4. ^ a b c Profile Archived 6 October 2011 at the Wayback Machine, caribbeanelections.com; accessed 1 September 2014.
  5. ^ a b c Profile Archived 28 May 2011 at the Wayback Machine, caribbeanelections.com; accessed 1 September 2014.
  6. ^ "ULP wins 5 in a row". iWitness News. 6 November 2020. Retrieved 11 November 2020.
  7. ^ "GG urges PM to continue inclusive governance". iWitness News. 7 November 2020. Retrieved 11 November 2020.
  8. ^ Profiles of People in Power: The World's Government Leaders. London & New York City: Routledge. 2003. p. 445. ISBN 9781317639404.
  9. ^ a b "Ralph Gonsalves: St. Vincent and Grenadines Prime Minister is New Chairman of CARICOM". Caribbean National Weekly. Retrieved 11 November 2020.
  10. ^ Profile, caribbean360.com; accessed 1 September 2014.
  11. ^ Profile, caribbean360.com; accessed 1 September 2014.
  12. ^ Profile, pdba.georgetown.edu; accessed 1 September 2014.
  13. ^ Profile Archived 11 May 2011 at the Wayback Machine, antillean.org, 26 November 2009; accessed 1 September 2014.
  14. ^ "Camillo becomes Minister of Finance in major cabinet reshuffle – iWitness News". www.iwnsvg.com. 9 November 2017.
  15. ^ "Ralph romps to fifth straight election win in St Vincent and the Grenadines". jamaica-gleaner.com. 6 November 2020.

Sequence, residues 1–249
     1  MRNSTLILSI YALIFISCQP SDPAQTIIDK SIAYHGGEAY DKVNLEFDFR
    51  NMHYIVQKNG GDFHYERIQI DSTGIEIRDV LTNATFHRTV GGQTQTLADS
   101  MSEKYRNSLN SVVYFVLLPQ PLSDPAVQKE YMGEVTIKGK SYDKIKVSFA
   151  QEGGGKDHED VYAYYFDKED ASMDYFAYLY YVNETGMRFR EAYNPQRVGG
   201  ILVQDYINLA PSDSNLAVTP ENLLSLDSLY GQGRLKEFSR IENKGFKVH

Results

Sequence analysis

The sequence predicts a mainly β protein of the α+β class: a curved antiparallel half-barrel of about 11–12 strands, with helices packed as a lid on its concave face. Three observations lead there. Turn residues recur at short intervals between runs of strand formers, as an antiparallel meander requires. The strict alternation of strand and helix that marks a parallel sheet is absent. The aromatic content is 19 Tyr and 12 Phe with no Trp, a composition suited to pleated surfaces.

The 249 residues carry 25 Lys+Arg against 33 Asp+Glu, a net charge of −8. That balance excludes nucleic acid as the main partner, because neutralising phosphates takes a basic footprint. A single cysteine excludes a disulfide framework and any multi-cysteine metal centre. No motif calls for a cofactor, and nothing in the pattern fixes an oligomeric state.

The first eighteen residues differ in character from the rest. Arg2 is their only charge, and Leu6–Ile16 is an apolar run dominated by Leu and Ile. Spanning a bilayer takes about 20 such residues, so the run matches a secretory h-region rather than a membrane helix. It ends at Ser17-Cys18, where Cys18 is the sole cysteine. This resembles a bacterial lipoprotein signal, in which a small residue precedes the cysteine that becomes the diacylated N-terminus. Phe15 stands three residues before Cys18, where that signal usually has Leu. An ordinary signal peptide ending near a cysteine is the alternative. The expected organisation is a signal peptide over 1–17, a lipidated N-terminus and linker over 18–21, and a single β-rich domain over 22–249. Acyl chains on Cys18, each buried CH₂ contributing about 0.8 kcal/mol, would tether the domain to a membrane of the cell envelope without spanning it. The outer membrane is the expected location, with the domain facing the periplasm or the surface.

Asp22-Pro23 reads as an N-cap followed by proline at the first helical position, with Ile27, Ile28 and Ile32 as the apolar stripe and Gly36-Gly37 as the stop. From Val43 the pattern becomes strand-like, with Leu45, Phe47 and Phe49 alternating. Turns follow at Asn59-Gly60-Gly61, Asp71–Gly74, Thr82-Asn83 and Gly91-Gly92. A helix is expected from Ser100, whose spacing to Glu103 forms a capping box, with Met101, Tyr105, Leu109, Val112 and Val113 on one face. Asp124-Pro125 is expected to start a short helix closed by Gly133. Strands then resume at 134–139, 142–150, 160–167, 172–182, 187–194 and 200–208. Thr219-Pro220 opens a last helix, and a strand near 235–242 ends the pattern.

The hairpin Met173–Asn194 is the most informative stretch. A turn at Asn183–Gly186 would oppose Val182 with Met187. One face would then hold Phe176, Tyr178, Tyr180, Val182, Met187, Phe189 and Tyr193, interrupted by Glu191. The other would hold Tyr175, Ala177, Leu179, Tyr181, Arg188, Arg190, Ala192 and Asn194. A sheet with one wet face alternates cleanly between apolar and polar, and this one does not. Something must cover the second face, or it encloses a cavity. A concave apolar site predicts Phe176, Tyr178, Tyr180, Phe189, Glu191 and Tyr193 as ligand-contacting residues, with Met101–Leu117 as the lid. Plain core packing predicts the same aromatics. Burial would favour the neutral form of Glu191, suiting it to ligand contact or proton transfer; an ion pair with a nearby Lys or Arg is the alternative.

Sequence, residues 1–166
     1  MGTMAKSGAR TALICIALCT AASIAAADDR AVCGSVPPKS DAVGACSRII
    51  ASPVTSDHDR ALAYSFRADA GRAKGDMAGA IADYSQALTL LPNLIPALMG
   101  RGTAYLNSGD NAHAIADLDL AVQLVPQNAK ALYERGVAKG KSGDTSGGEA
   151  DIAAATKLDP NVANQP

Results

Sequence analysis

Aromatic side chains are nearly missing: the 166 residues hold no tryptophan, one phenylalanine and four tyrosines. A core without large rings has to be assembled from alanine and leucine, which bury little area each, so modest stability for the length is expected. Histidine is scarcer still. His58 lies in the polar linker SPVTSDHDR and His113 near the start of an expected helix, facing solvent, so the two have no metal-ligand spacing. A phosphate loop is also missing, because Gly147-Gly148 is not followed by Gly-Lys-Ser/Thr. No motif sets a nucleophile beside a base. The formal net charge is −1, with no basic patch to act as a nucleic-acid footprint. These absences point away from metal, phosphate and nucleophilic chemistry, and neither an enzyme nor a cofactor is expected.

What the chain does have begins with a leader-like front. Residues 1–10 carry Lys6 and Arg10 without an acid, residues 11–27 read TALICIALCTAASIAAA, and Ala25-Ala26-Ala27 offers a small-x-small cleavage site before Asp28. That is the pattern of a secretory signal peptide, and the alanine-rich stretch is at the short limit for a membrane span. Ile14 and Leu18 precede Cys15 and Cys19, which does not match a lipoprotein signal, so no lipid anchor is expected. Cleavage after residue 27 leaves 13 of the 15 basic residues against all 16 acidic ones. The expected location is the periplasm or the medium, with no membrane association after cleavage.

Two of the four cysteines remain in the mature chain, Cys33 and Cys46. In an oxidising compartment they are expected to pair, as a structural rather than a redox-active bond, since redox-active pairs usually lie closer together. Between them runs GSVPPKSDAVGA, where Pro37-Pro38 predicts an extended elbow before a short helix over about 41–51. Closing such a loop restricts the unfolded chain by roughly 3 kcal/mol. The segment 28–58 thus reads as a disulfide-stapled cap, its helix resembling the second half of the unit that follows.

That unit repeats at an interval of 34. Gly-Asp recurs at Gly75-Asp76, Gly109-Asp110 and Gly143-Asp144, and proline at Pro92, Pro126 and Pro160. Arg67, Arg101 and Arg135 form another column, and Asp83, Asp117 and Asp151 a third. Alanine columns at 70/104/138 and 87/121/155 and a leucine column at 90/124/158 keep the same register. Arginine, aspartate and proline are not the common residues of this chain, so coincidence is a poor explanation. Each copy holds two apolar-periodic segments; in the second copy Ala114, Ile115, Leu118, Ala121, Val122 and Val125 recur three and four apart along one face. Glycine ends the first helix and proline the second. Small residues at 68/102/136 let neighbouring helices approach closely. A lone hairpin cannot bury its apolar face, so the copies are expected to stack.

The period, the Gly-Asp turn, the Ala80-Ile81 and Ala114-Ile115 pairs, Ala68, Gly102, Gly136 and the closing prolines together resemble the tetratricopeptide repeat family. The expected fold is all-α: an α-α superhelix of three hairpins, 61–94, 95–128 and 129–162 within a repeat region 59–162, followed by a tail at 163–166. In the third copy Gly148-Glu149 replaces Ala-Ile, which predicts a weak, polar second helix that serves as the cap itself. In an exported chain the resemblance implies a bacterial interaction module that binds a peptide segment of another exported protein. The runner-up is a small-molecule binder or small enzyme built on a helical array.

16. ^ St Vincent PM recovering in hospital after rock attack by anti-vaccine protester, The Guardian, 6 August 2021
  17. ^ "St. Vincent PM injured at protest, bleeding from injury - media". Reuters. 6 August 2021. Retrieved 6 August 2021.
  18. ^ "SVG Prime Minister Dr Ralph Gonsalves injured in protest | Loop Caribbean News". Loop News. Retrieved 6 August 2021.
  19. ^ "Head scan in Barbados for Gonsalves following injury in protest". Barbados Today. 6 August 2021. Retrieved 6 August 2021.
  20. ^ Cooke, Ernesto (27 May 2022). "PM Gonsalves says 'This medal belongs to the Caribbean'". St Vincent Times. St Vincent Times. Retrieved 27 May 2022.
  21. ^ Gonsalves, Ralph E. (1971). The role of labour in the political process of St. Vincent (1935–1970) (MSc). Mona, Jamaica: University of the West Indies. OCLC 55894598.
  22. ^ Gonsalves, Ralph E. (1974). The politics of trade unions and industrial relations in Uganda (1950–1971) (DPhil). Manchester, UK: University of Manchester. OCLC 973805455.
Party political offices
Preceded by
Vincent Beache
Leader of the Unity Labour Party
1998–present
Incumbent
Political offices
Preceded by Prime Minister of Saint Vincent and the Grenadines
2001–present
Incumbent
Preceded by Minister of Foreign Affairs
2020–present
Diplomatic posts
Preceded by Chairman of the Caribbean Community
2020–2021
Succeeded by